Monday, June 18, 2012

Who put the nectar in the nectarine?

Pity the poor nectarine. Talk about your inferiority complex: "A peach without the fuzz." "A cross between a peach and a plum.” Never its own identity, yet as far as nomenclature is concerned, the nectarine stands alone. The peach and plum can’t hope to compete. The peach owes its name to no more than a mistake. Believing it to have hailed from Persia, the Romans named it a malum persicum, or “Persian apple,” which, as the years rolled by, was shortened to persica, from which Italian derived its pesca, French its pĂȘche, and English its peach. The plum derives its name more matter-of-factly from the Latin prunum.

Only the woefully misunderstood nectarine owes its name to the drink that both slaked the thirst of the ancient Greek gods and insured them their immortality. Who would have guessed that nec- comes from the Greek word for death (think necrophilia and necromancy) or that tar comes from a verb that meant “to overcome”? The next time you bite into the smooth-skinned yellowy-orange drupe (as the botanists like to refer to single-stoned fruits) and feel its sticky sweet syrup dripping down your chin, you can envision yourself lolling for all eternity with Zeus, Hera, and the rest of them up there on Mount Olympus. 

But did you ever wonder how the fruit got such a mythical name? Because I’m the sort of person who does wonder about such things, I’ll share with you the fruits of my research (I just couldn’t avoid the pun).

It turns out that it doesn’t have its beautifully evocative name everywhere. In Italy, it’s called a pesca-noce (or a noce-pesca), which may sound lyrical yet means no more than “nut-peach” or perhaps “peach with a nut” (presumably the nut in question is the pit, but don’t peaches have stones too?). In France, it’s a brugnon, named after the city in Provençe today called Brignoles, famous for its plums and smooth-skinned peaches since the days of the ancient Romans. Apparently, there’s nothing particularly poetic or mythic about the fruit when it’s eaten by people who can pluck it from a tree any old time they want to.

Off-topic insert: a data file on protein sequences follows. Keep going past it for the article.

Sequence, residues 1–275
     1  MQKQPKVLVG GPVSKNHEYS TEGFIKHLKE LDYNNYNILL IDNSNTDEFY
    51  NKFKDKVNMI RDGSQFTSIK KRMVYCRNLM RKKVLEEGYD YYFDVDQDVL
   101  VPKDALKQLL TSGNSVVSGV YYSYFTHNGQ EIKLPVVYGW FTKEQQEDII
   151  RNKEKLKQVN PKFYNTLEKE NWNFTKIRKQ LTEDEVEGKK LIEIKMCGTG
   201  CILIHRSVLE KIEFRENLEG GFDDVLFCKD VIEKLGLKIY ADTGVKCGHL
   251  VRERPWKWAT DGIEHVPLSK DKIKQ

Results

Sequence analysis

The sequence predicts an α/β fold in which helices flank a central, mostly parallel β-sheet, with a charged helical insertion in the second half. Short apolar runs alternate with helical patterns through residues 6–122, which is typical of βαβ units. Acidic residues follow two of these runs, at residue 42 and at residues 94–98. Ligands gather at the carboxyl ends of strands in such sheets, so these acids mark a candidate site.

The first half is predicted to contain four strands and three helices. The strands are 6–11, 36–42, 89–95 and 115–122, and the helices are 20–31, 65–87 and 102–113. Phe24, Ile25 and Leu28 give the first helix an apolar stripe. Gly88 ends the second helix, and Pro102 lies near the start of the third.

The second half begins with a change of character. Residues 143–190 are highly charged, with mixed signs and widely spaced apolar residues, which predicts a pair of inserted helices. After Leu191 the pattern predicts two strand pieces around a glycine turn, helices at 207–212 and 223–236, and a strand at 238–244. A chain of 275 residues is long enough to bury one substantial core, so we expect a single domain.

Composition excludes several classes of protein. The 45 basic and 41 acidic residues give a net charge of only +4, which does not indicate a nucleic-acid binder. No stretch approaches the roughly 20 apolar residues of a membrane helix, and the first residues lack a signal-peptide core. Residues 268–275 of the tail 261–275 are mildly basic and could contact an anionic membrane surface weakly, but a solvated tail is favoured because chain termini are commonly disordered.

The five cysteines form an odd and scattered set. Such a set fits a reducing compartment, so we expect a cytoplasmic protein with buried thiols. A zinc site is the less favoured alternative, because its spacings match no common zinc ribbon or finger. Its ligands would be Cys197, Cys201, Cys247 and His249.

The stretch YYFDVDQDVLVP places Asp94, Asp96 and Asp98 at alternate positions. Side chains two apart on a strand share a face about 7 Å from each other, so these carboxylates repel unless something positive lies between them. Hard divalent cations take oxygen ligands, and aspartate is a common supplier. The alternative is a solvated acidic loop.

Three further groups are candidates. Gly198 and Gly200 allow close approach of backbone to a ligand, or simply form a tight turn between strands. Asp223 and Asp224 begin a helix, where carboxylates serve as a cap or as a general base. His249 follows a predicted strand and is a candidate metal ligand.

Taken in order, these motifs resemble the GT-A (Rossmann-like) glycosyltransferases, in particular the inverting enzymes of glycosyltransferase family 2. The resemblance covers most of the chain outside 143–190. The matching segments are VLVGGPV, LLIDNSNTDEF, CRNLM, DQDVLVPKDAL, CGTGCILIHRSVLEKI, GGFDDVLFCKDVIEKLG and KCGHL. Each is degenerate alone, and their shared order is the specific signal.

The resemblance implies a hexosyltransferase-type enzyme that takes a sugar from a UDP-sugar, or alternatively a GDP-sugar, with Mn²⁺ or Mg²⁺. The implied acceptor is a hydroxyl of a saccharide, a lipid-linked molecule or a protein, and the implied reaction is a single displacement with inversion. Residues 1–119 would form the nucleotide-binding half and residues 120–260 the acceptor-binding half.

In Germany, on the other hand, where not a whole lot of fruit grows easily, it’s called a Nektarpfirsich, or “nectar peach.” Now we’re getting warmer. It’s unclear whether the English borrowed the word from the Germans in the seventeenth century or whether they adapted it from their own now-obsolete adjective “nectarine” which used to mean, not surprisingly, “sweet as nectar.” In either case, what a sea-change the fruit went through went it traveled up north! Can’t you just hear the yearning of the fruit-deprived people of northern Europe who so treasured their nectarines that they bestowed on them the name of the elixir of immortality of the ancient Greek pantheon.

The next time you find yourself with a nectarine in your hand, take a second look and see it for what it really is: the fruit of immortality. At the very least, savor its summery nectar. 

Tuesday, June 5, 2012

Citrus-Scented Wine Cake, or Baking for the Lactose Intolerant

Some of you might remember that a few months back, I quoted a tribute to the classic American butter cake, the truth of which I believed at the time to be self-evident: “When you are thinking of making a cake, a butter cake is likely to come to mind. Butter cakes are part of our past. Our birthday cakes, our wedding cakes, our everyday cakes are butter cakes.”

What, then, is one to do when one wants to produce a triumphant celebration cake but one’s guests suffer from the condition that afflicts some 75% of the world’s population: lactose intolerance? (Can one even call what’s obviously the norm an “affliction”?)